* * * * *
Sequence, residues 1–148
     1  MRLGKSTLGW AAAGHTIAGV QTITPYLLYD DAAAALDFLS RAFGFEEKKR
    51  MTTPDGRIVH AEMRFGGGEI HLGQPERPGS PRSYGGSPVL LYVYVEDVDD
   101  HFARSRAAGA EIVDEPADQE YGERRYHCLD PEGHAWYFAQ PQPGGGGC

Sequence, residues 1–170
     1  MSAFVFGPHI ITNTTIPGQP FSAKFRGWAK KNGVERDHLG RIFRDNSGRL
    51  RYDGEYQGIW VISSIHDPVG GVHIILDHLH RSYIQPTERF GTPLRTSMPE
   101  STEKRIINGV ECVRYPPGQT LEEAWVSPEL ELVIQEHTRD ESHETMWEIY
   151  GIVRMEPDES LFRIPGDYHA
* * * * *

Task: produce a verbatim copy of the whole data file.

Sequence, residues 1–148
     1  MRLGKSTLGW AAAGHTIAGV QTITPYLLYD DAAAALDFLS RAFGFEEKKR
    51  MTTPDGRIVH AEMRFGGGEI HLGQPERPGS PRSYGGSPVL LYVYVEDVDD
   101  HFARSRAAGA EIVDEPADQE YGERRYHCLD PEGHAWYFAQ PQPGGGGC

Sequence, residues 1–170
     1  MSAFVFGPHI ITNTTIPGQP FSAKFRGWAK KNGVERDHLG RIFRDNSGRL
    51  RYDGEYQGIW VISSIHDPVG GVHIILDHLH RSYIQPTERF GTPLRTSMPE
   101  STEKRIINGV ECVRYPPGQT LEEAWVSPEL ELVIQEHTRD ESHETMWEIY
   151  GIVRMEPDES LFRIPGDYHA